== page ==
Science Vs
Science Vs
Jun 8, 2017
Artificial Sweeteners - not so sweet?
Play episode · 53 min

Low calorie, no calorie and so sweet. Artificial sweeteners just seem too good to be true. Is there a catch? We dig into two big questions: Do artificial sweeteners cause cancer, and are they making us fat? We talk to Prof. John Glendinning, Prof. Susie Swithers, Dr. Kieron Rooney, and PhD student Jotham Suez about the latest research. Plus we do a fun experiment with PJ Vogt and Alex Goldman from Reply All!  Also, please sign up for our brand spanking new newsletter! We’ll share science that’s been blowing our minds, plus great content like the most amazing calculation from an academic of how much bigger 323 African Elephants are than nuclear waste. Head to: https://gimletmedia.com/newsletter/ 

Our Sponsors:Postmates - New customers get a $100 credit by downloading the app and entering the promo code SCIENCEWordpress - go to wordpress.com/science to get 15% off a new websiteHello Fresh - For $30 off your first week of meals go to hellofresh.com and enter the promo code SCIENCEVS30 Credits:

This episode has been produced by Ben Kuebrich, Heather Rogers, Shruti Ravindran and Wendy Zukerman.Kaitlyn Sawrey is our senior producer. We’re edited by Annie-Rose Strasser. Production assistance by Stevie Lane. Fact checking by Michelle Harris. Original music and mixing by Bobby Lord. Extra thanks to Dr. Mary Pat Gallagher, Peter Bresnan, Euromonitor International and ubiome.   

Selected References:Prof. Susie Swithers’s study on artificial sweeteners and feeding behavior in ratsA 2015 systematic review of the relationship between artificial sweetener consumption and cancer in humansJotham Suez’s study on artificial sweeteners and the gut microbiome

Radiolab
Radiolab
WNYC Studios
Kittens Kick The Giggly Blue Robot All Summer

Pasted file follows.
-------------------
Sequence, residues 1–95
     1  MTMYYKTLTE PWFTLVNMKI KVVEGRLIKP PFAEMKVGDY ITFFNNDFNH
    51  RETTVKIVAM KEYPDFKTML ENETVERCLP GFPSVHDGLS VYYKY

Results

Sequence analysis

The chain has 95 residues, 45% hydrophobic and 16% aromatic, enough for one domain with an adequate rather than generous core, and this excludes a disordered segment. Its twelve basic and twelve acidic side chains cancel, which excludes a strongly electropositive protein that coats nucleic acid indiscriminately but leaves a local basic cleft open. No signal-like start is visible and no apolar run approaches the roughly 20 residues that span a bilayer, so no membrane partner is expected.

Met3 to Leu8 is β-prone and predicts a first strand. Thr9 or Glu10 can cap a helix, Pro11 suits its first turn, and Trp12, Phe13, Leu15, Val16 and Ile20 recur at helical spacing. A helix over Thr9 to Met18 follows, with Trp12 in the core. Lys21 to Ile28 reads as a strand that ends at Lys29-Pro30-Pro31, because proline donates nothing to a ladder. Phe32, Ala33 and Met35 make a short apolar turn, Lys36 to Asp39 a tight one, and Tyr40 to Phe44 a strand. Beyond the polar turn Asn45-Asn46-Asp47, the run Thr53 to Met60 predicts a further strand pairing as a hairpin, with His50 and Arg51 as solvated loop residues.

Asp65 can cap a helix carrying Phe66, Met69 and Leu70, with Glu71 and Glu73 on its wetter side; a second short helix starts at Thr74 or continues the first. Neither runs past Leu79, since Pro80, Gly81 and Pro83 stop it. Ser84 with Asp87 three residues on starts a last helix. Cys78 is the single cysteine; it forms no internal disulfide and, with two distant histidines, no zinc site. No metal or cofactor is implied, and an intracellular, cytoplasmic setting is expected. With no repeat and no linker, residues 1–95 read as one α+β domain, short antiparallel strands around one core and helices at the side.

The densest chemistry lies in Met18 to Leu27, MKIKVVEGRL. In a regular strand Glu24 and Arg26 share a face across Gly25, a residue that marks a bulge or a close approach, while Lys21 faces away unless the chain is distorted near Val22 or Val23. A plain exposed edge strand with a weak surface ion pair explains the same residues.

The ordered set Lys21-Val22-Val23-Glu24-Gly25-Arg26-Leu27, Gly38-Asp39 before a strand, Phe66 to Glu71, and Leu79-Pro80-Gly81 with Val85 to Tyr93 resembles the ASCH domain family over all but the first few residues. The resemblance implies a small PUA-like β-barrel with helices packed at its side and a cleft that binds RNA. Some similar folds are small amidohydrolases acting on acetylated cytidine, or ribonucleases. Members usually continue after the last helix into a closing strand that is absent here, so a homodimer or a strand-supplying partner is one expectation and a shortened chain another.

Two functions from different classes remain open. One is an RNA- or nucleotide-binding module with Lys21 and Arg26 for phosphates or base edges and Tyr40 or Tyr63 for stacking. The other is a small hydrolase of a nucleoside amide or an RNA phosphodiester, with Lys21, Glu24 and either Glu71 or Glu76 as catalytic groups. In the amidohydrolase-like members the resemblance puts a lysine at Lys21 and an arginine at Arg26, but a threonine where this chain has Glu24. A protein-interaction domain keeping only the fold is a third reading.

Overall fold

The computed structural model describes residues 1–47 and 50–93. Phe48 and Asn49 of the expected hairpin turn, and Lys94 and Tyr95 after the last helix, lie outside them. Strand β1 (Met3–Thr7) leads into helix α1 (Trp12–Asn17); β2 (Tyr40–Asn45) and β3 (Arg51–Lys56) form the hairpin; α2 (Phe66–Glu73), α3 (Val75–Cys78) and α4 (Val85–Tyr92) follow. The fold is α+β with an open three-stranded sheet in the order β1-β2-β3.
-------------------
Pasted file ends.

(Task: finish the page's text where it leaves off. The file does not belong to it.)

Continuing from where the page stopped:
With the recent passing of Ruth Bader Ginsburg, there's been a lot of debate about how much power the Supreme Court should really have. We tend to think of the Supreme Court justices as all-powerful guardians of the constitution, issuing momentous rulings from on high. They seem at once powerful, and unknowable; all lacy collars and black robes. But they haven’t always been so, you know, supreme. On this episode of More Perfect, we go all the way back to the case that, in a lot of ways, is the beginning of the court we know today. Also: we listen back to a mnemonic device (and song) that we created back in 2016 to help people remember the names of the justices. Listen, create a new one, and share with us! Tweet The key links: - Akhil Reed Amar's forthcoming book, The Constitution Today: Timeless Lessons for the Issues of Our Era - Linda Monk's book, The Words We Live By: Your Annotated Guide to the Constitution The key voices: - Linda Monk, author and constitutional scholar - Akhil Reed Amar, Sterling Professor of Law at Yale - Ari J. Savitzky, lawyer at WilmerHale The key cases: - 1803: Marbury v. Madison - 1832: Worcester v. Georgia - 1954: Brown v. Board of Education of Topeka (1) - 1955: Brown v. Board of Education of Topeka (2) Additional music for this episode by Podington Bear. Special thanks to Dylan Keefe and Mitch Boyer for their work on the above video. Support Radiolab by becoming a member today at Radiolab.org/donate.
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